Van Domselaar spearheaded a stubborn display from the Dutch who, defending the title they won on home soil five years ago, were outshot 33 to nine by a dominant French side.
Having only received her second international cap in the opening match of the tournament when starting goalkeeper Sari van Veenendaal was injured just 30 minutes in, the 22-year-old made ten saves in a virtuoso performance between the sticks.
Hailing the performance as “world class,” Dutch coach Mark Parsons believed it was the best goalkeeping performance he had seen since Germany’s Nadine Angerer saved two penalties to help her team to victory in the 2013 final.
“Goalkeeper of the tournament, there’s no one even close to her,” Parsons told reporters.
‘We are here to build history’
And on the rare occasion Van Domselaar was beaten, Dutch defenders threw their bodies on the line. Stefanie van der Gragt provided the pick of the blocks, turning away Melvine Malard’s close-range strike with her knees mere inches from goal.
Yet the resistance was finally broken in the first half of extra time when Kadidiatou Diani felled Dominique Janssen in the box. Play was initially waved on by referee Ivana Martincic, but a penalty was given after a check by the video assistant referee.
Van Domselaar got a hand to Perisset’s spot-kick, but could not keep out the well-struck effort from the defender, who signed for Chelsea in June.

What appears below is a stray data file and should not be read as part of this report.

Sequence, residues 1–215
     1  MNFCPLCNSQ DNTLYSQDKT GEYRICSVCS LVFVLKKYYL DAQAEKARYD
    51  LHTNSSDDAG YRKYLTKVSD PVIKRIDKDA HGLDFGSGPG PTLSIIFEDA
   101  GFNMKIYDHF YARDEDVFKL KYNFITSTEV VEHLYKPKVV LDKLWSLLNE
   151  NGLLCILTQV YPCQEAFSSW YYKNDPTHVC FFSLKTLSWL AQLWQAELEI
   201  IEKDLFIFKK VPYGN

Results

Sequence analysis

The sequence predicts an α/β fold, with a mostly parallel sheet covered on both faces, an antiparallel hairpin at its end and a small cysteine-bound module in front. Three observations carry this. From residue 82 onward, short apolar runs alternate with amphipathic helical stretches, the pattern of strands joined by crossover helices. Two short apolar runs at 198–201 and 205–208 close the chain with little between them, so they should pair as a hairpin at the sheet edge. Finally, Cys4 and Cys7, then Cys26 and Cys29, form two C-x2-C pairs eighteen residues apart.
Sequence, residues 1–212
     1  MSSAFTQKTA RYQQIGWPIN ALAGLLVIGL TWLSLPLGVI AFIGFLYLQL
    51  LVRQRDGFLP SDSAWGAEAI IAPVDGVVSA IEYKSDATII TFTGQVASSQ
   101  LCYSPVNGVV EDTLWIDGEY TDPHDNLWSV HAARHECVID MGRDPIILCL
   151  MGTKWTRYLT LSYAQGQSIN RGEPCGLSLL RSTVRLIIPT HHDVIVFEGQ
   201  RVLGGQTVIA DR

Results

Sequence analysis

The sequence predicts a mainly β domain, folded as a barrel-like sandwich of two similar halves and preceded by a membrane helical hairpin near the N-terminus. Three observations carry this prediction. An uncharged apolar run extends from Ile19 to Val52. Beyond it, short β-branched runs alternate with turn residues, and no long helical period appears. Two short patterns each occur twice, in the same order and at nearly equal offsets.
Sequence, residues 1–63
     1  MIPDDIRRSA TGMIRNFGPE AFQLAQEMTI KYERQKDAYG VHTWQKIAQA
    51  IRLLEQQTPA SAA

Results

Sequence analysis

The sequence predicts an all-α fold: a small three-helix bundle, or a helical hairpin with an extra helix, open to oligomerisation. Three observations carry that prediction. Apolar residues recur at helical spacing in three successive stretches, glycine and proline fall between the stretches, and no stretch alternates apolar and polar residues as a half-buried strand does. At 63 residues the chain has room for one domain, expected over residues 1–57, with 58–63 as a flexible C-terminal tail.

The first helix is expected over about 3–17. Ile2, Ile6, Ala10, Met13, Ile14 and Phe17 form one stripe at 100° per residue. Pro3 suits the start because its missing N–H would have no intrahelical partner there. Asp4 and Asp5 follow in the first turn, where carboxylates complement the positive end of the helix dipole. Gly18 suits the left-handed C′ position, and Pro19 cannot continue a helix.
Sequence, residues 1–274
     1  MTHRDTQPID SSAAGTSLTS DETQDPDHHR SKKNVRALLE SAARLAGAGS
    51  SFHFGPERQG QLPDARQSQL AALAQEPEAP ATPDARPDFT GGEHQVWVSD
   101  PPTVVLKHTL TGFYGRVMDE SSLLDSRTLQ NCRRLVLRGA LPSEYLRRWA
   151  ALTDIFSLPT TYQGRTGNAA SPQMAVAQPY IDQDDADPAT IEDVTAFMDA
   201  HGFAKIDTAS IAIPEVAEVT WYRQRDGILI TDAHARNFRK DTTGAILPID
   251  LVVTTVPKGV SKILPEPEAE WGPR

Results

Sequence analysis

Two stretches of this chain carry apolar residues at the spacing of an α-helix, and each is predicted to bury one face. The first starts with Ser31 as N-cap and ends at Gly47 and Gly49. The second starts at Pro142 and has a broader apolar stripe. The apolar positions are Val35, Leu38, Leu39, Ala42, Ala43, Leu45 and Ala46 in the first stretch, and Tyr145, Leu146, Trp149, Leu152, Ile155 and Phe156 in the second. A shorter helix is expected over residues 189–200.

The French closed out their lead to stamp their ticket to the semifinals and a clash with Germany in Milton Keynes on Wednesday, sparking jubilant scenes of joy among players and coach Corinne Diacre.
“I’m very proud because this team aimed at a big target. This team gives absolutely everything,” Diacre told reporters. “I like the fact that the players gave it their all and kept plugging away. They stayed true to our game plan.
“We would like to have scored earlier but we were up against an incredible Dutch goalkeeper. In terms of our fitness, the teams gave lots of answers tonight, defensively too.
“We have been rewarded for our effort. We are here to build history – the players and staff want to make history for ourselves and there is still a bit of a way to go,” she added.
‘There’s not a player left with anything in the tank’
Matchwinner Perisset said: “We’re very happy because we always stumbled at the quarter-finals previously.
“Tonight, we managed to get past this stage. We produced a very big performance. We’re very happy and now we can savour this qualification for the semi-finals.”
By contrast it was pictures of exhaustion and despair for the Dutch players, many of whom sunk to the floor at the full-time whistle.
The return of prolific star striker Vivianne Miedema from Covid-19 had looked set to boost the defending champions, but the Arsenal forward looked isolated throughout as the Dutch were forced deep to repel wave after wave of French attacks.
“It was a tough game for her, she had nothing left at the end,” Parsons said of Miedema.
There’s not a player with anything left in the tank, in their bodies. They gave everything. The first half we were hanging on by a thread.
“When we were better in attack and created chances, they were able to break. But our heroic defending was very, very impressive, in almost every moment of the game. Everyone stepped up.”